Third-party services like Dropbox, Mega, and pCloud are available across all platforms and they’re great choices depending on price, available storage, and any additional features you may be looking for. Of course, all these services have robust web apps as well.
Apart from being excellent cloud storage services, some of them also come with quite a few productivity and collaboration features, either built-in or easily accessible. Dropbox, OneDrive, and Google Drive take the lead in this regard. With the first two, the key integration is with Microsoft Office Online, while Google Docs powers your productivity needs with Google Drive and Google Photos handles photos and videos.
The main advantage of OneDrive is its complete integration with Microsoft products like OneNote, Office 365, Outlook, and Skype. In fact, the higher tier plans (1TB and 5TB) include a full subscription to Microsoft Office 365 for PC or Mac as well, which is fantastic.
However, Dropbox and Google Drive take a huge lead in third-party app integration, with hundreds of supported apps. All three are collaboration-friendly as well, and the best options if you are looking for a cloud storage solution for a team.
ICloud will sync all your pictures stored in Apple Photos. On MacOS, both the documents folder and desktop are synced by default. Other Apple services sync through iCloud as well, including Reminders, Notes, Calendars, and Siri.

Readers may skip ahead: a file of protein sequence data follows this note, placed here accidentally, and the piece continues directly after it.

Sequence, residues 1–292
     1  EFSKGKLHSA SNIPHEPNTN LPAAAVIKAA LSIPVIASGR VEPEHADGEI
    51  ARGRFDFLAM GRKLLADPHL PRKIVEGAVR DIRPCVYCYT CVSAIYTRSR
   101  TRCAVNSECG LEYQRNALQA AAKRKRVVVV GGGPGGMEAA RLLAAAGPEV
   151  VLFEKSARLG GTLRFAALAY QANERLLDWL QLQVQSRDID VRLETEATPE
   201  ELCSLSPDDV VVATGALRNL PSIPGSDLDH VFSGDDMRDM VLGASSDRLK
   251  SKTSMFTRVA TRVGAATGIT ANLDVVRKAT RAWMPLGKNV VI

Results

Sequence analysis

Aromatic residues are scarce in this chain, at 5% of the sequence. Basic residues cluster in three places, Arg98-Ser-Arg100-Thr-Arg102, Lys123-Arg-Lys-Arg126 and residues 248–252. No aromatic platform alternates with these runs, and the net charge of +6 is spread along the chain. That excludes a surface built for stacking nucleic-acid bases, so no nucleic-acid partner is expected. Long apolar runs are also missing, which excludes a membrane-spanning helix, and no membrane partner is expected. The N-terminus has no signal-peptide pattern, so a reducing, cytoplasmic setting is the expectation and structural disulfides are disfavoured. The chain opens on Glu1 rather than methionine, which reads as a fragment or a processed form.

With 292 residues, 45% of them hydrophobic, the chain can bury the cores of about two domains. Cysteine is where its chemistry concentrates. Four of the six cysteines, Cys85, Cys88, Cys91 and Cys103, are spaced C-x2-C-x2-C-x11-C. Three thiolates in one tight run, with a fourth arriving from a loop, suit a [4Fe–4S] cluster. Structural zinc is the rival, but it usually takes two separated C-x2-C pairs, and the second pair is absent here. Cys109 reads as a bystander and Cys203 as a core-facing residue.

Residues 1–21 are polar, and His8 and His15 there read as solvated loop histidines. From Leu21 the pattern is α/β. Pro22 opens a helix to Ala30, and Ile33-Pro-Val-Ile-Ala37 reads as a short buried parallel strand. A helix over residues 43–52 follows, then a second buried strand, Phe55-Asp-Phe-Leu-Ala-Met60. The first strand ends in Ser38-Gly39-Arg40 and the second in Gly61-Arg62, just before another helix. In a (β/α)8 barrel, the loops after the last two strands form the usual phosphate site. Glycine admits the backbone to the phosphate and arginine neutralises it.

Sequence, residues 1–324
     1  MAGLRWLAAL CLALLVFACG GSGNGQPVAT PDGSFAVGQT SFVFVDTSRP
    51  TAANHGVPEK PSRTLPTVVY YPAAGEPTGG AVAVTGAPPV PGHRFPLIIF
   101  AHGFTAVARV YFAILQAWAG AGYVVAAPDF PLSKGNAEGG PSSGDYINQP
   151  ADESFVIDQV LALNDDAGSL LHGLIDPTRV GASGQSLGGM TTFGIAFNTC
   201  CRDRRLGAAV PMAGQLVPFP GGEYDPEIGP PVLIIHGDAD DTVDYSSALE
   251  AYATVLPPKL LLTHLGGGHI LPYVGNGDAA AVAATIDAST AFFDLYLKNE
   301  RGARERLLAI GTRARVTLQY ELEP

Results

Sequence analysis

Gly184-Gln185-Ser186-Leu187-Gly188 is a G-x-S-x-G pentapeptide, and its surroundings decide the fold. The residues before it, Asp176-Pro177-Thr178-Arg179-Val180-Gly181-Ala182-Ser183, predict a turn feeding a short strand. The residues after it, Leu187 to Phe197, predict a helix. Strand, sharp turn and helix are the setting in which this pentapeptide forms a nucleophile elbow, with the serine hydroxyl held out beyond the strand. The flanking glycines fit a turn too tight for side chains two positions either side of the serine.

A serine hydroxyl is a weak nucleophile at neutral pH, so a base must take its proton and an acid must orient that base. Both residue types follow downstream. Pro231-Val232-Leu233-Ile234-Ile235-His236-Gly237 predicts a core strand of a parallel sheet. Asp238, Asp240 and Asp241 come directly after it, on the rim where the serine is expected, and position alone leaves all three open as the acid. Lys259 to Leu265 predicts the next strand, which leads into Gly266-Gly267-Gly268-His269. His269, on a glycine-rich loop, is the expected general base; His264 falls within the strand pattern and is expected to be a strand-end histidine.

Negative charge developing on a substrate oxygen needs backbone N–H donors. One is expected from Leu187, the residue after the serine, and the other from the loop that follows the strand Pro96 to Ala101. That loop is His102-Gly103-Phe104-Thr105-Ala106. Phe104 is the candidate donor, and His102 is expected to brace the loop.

Mega and pCloud are purely storage services, with no editors available. Both come with excellent photo viewers though, and you can also stream video instead of needing to download it to another device. Granted, viewing photos and streaming video are possible with the other storage services too.
One of the exciting new features of Google One being able to share storage with friends or family by creating a family group. You can add up to five additional users to your subscription plan. While one account will be the manager responsible for payment and managing the storage, no user will have access to what another group member is storing unless it’s specifically shared.
Apple offers a similar Family Sharing plan with iCloud, which also lets you share storage with up to five additional users. The group Organizer chooses the features to share like iTunes and App Store purchases, Apple Books, and Apple music subscriptions. Cloud storage sharing is available with both the 200GB and 2TB plans and of course, one user cannot see what the others are storing.